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Thread: Colorgate: contone or halftone?

  1. #1
    Donor oxident will become famous soon enough
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    Colorgate: contone or halftone?

    Hi!

    I'm trying to figure out what's the optimal workflow for using Colorgate on my HP DesignJet Z6100.

    What do you think is a better "general purpose" workflow for printing posters or presentation: Let ColorGate do the halftoning or send RGB to the printer?

    As far as I've understood this, I would have much better control if I send halftone data to the printer (which enables me to use CG's ink saving technique) but when doing the "Media Device Sync", the measured colors are quite away from ColorGate's "reference". When using a RGB workflow, the values are within specification.

    If I simply look at the results, they are very different: Sometimes, the halftone prints look good but most of the time, they are outperformed by the RGB workflow and (which is the most annoying thing) the prints always look better when using the internal PS-RIP

    Am I doing something wrong?

  2. #2
    Donor thomasraden is on a distinguished road
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    Contone profiles are using the ink restrictions inbuilt in the printer which probably are a bit more sophisticated than the ones that are set in the rip when making a halftone profile. Usually, contone is used by people who do not have access to a spectrometer, sort of a last resort option.

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    Donor oxident will become famous soon enough
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    Thanks for making this clear to me. I already guessed something like this. On the other hand, this means if using a lower quality spectrometer, the halftone output might also be worse than the contone output?

    I'm asking this because the visual quality on my HP Z6100 is slightly higher when sending contone rather than halftone data ... but both were calibrated using the internal spectrometer.

  4. #4
    Donor thomasraden is on a distinguished road
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    This depends on the media used and how the profiles in the printer was made and with what measuring device.
    There will always be special types of media where there is not a good matching profile in the printer.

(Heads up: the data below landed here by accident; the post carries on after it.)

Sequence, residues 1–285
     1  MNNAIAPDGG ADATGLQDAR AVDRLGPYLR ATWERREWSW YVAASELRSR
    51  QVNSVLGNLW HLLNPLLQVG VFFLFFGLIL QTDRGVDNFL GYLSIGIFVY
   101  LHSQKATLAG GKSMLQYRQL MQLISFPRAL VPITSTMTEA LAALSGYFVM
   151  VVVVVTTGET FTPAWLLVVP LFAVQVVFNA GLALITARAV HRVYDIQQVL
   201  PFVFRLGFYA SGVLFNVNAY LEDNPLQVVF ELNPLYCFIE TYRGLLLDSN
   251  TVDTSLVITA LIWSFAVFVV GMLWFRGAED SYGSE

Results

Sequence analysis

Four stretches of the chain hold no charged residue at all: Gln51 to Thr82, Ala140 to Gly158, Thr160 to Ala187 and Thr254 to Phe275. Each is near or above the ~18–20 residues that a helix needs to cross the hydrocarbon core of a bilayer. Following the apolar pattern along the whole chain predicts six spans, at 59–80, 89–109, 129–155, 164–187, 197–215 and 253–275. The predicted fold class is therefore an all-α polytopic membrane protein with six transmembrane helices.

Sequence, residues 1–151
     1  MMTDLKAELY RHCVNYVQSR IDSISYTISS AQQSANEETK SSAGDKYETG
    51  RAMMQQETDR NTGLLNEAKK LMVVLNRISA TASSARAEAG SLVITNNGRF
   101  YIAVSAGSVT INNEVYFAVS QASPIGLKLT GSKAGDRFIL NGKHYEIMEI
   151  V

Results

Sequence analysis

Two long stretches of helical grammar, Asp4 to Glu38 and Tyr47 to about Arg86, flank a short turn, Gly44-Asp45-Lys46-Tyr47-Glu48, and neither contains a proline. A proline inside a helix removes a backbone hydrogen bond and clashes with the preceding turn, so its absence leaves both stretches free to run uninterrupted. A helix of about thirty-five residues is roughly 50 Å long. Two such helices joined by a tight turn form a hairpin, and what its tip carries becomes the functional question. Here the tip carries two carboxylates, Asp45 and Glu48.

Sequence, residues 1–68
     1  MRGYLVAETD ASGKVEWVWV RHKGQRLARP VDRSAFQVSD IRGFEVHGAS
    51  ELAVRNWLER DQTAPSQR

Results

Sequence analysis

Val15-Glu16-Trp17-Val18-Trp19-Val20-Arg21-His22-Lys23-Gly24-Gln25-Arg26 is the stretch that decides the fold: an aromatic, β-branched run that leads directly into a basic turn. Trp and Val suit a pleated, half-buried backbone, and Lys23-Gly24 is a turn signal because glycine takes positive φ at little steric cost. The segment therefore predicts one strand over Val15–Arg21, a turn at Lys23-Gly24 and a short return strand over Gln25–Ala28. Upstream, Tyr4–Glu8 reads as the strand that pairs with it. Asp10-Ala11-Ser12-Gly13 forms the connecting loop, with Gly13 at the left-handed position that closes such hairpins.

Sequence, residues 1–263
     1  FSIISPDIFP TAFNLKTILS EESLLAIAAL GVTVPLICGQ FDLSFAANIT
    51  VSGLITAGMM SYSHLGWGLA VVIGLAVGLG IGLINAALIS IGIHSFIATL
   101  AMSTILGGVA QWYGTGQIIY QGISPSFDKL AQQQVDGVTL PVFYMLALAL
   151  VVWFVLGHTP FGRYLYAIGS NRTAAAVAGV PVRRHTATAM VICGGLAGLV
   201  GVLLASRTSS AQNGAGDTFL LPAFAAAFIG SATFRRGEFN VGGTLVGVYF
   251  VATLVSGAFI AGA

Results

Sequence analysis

The HP Z6100 have a large variety of media types so the risk of getting a bad contone profile with this printer is very low.
    You will always be able to look at the profiling result by downloading a good reference chart, like the altona visual test chart:

    http://www.eci.org/lib/exe/fetch.php?id=en%3Adownloads&cache=cache&media=down loads:altona_test_suite:altona_visual_1v2a_x3.pdf

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  6. #5
    Donor oxident will become famous soon enough
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    Again, thanks for the explanation and the link!

    I understand what you mean and I also think that the contone profiles inside the printer are quite well measured by the manufacturer. But nevertheless, if I fail to get accurate halftone results, this might be a limitation of the spectrometer I use, right?

    Anyway, I guess I'll stick to contone mode as long as I get an expensive spectrometer allowing me to get acceptable Delta values ;-)

  7. #6
    Donor thomasraden is on a distinguished road
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    Yes, the contone profiles are usually better than the one you make yourself
    as the printer manufacturers are using more advanced industrial equipment to
    measure with.

    You will probably sooner or later bump into a media at some occation where
    the inbuilt contone profiles gives a limited color gamut due to that media
    charasteristics but that risk is very small.

    I usually make contone profiles for customers and have so far not got into
    any problems or limitations.

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